A.: What is the weirdest thing you have encountered in recent memory?

S.V.: Besides the current presidential election? I don’t think anything can top that.

A.: What are your musical influences? 

S.V.: Musically I feel most aligned with the British punk bands of the late ‘70s. I also love classic country music and Irish rebel music. I find inspiration in these three story telling musical traditions.

A.: What is your opinion on drag performers and how they differ from the trans experience? I am sure being in and around the scene, you have met some real characters. 

S.V.: There are so many creative ways to challenge the gender binary, whether you’re doing drag or living trans experience. There’s enough room for all of us to coexist.

A.: Tell us about your songwriting process.

S.V.: Songwriting is my vocation, the activity I need to do. 

A.: How long have you been playing music?

S.V.: The Sex Pistols were still a band when I started.

A.: Does your music provide an escape from the drama and the sometimes depressing world? 

S.V.: It hard not to be depressed by this mad world of ours. Sometimes I write songs that need to engage with that madness, other times I need to escape or make them very personal. I go wherever the muse takes me.

A. Why punk folk? How did you evolve into the artist you are now?

S.V.: Folk punk is a distillation of two great lyric traditions, folk music and punk music, obviously. It allows for maximum lyrics expression with emotional directness and punk bedlam. 

A.: Do you like being trans? If it were possible, would you rather be cis-gender?

S.V.: I would never want to be cis-gendered. Being trans is a blessing and a privilege. It’s not always easy being trans, but it creates this rare opportunity being forced to live outside the margins of the gender binary — and it also allows you to continue smashing down other binaries and margins and try to live a self-defining life.

A.: I notice you have a certain clothing style onstage. What is the Queer Folk Punk Princess style and how did it develop? 

S.V.: I liked the style of Sooo Catwoman, who was part of the Vivienne Westwood scene of the 1970’s, plus a bit of British glam rock. Add some ripped up jeans and voila! My fashion secrets are revealed.

A.: Tell us about your new album Heaven Sent Delinquent.

S.V.: My new album is ten new acoustic storytelling songs that articulate escape — real or imagined — by a cast of outsiders, queer rebels and loners. Each song spins an odyssey by these escape artists: from stifling, oppressive, dusty towns; from the crushing weight of a questionable past; from the potential violence transpeople face every day.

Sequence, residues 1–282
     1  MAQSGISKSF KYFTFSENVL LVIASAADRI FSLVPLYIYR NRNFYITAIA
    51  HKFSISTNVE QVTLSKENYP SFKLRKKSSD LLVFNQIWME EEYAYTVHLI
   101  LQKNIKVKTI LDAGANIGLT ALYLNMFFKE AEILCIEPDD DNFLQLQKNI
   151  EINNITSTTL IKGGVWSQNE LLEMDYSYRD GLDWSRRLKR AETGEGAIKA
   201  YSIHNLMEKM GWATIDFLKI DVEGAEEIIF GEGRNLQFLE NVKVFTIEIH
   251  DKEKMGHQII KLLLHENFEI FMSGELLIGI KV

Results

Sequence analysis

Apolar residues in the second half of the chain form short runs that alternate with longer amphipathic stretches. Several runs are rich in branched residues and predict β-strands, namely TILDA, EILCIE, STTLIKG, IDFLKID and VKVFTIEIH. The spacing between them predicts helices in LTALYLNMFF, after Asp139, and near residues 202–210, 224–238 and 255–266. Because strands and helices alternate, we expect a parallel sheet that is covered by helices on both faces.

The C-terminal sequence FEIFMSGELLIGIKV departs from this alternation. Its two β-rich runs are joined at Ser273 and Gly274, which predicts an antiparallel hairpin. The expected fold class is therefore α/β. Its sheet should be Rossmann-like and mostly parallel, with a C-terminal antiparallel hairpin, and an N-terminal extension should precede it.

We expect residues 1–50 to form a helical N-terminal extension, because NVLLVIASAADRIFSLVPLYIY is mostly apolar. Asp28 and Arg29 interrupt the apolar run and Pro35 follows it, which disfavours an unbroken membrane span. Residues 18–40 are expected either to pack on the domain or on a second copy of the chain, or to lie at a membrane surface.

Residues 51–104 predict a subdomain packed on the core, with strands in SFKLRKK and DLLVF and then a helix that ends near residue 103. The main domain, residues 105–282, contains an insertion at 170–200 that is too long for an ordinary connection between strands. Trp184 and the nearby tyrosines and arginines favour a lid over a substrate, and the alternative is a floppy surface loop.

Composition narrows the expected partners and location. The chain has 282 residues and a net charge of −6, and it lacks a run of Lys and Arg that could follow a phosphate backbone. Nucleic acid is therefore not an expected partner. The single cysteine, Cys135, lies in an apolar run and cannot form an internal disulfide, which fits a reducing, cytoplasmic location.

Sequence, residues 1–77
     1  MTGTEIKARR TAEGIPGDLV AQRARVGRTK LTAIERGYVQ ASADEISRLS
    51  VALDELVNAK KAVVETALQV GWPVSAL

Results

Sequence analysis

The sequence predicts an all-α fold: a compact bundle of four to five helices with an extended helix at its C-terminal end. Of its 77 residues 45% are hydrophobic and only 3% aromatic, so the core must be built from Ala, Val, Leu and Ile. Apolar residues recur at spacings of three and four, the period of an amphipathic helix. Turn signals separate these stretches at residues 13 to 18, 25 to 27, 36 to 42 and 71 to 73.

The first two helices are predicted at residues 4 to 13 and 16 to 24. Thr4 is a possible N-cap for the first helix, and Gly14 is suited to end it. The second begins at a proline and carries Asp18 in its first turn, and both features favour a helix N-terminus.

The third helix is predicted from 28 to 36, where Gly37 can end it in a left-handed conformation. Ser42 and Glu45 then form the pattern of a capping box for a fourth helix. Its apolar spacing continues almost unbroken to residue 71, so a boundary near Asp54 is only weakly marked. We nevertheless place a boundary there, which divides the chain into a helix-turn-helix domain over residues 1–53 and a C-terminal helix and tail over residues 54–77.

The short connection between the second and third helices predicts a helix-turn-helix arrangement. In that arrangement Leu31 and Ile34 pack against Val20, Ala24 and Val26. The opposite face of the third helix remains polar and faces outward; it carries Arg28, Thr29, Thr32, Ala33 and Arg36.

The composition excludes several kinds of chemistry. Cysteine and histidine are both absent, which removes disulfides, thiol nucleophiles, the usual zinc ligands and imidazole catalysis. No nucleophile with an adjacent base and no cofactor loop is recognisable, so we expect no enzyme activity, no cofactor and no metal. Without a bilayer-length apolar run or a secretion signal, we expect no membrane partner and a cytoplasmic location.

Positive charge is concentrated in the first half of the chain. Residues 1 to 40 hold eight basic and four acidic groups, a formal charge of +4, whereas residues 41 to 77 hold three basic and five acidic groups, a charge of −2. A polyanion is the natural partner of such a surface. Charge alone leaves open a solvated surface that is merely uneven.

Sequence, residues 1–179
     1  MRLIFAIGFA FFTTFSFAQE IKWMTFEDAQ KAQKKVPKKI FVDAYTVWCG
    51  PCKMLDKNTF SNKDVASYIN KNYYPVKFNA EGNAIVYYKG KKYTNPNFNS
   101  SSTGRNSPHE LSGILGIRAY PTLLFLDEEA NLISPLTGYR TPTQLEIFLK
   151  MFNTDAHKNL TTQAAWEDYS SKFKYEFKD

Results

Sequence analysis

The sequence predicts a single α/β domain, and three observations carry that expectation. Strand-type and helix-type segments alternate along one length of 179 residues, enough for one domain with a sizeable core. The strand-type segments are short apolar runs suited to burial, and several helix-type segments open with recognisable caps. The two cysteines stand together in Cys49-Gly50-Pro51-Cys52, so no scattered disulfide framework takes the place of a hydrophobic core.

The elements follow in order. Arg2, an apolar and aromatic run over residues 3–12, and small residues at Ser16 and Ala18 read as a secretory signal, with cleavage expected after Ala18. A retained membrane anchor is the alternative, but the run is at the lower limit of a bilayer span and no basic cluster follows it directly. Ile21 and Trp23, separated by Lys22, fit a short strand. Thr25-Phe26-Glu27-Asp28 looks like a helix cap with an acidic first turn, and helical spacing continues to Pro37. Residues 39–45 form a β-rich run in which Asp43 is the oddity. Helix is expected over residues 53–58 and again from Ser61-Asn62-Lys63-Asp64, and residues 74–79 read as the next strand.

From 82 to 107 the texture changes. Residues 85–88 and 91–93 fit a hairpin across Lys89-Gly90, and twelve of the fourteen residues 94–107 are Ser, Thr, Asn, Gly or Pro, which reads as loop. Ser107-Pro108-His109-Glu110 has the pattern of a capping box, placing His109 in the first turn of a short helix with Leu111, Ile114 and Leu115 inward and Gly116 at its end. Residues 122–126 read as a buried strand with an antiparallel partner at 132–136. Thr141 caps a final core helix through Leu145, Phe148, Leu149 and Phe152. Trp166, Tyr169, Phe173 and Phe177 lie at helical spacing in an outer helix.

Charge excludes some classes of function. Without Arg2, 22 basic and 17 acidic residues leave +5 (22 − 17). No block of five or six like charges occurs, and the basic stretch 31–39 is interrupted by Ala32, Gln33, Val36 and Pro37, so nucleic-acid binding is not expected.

The production on the album is sparse, to best highlight the escapades of the brawling women, dandy provocateurs and queer rebel misfits that the songs are about. It can be purchased at CDbaby.

A.: And finally, I have to ask some of my stupid/silly/inane questions. 

Who is your favorite Beatle?

S.V.: Stu Sutcliffe. He had the best hair.

A.: Do you prefer Starbucks or Peet’s coffee?

S.V.: My partner and I are real espresso snobs and have an espresso machine with a steaming wand and espresso cups and saucers. Plus we have the little French sugar cubes you get in Paris. Caffeine is the only vice I have left.

A.: Paper or plastic?

S.V.: This is a very tough question! Do I use paper and kill trees or do I use plastic and support the oil industry? I feel a song coming on.

A.: Mac or PC?

S.V.: I am a very analog person and prefer my typewriter, but if I must choose, I would say PC. Macs are prettier but PC’s are more egalitarian.

A.: Drag Queens or Drag Kings?

S.V.: Definitely Drag Qwings.

A.: San Francisco by day or by night?

S.V.: I remember a time even in San Francisco, as a younger trans person I rarely ventured out during the day for safety reasons. Everywhere I went, I thought “Am I going to get hassled by some asshole?” This was my first thought for at least 15 years when I left my place. Was I going to get hassled today? On the bus, coming home, on the street. Also I wondered, Are the cops going to leave me alone? So I preferred the night. But now I prefer the night because it hides all the gentrifiers.

A.: Wine, spirits or brew?

S.V.: I grew up surrounded by hearty Jack Daniels drinkers and carried on the tradition myself for a long time. Now I only drink Kilchoman whisky, from the Scottish Island of Islay. It has a real peaty taste that goes perfect with a good cigar.

A.: Would you ever “sell-out”?

S.V.: Not in my DNA.

A. Cherry lips and soft skin or bulging muscles and hairy chests?

S.V.: Give me a sexy boy with muscles in blue jeans and a rockabilly quiff and I’m in heaven.

Great answers! Thank You to Shawna for being a good sport and and sharing her time with us. Shawna’s new video is just below.  Check out her website.

Happy Holidays everyone! Stay safe out there and Thank You for reading my column. I always cherish comments and suggestions. Enjoy the season and I will see you next year.

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Category: Music

Amanda F. Steele

About Amanda F. Steele: I am a transwoman originally from Pittsburgh, PA. I have been living full time for 4 years. I work in retail but am an artist/Graphic Designer and aspiring writer. I tend to address the controversial in my writing. I would love to change the world one article at a time. I moved here to The San Francisco Bay Area to start over, again. The adventure continues...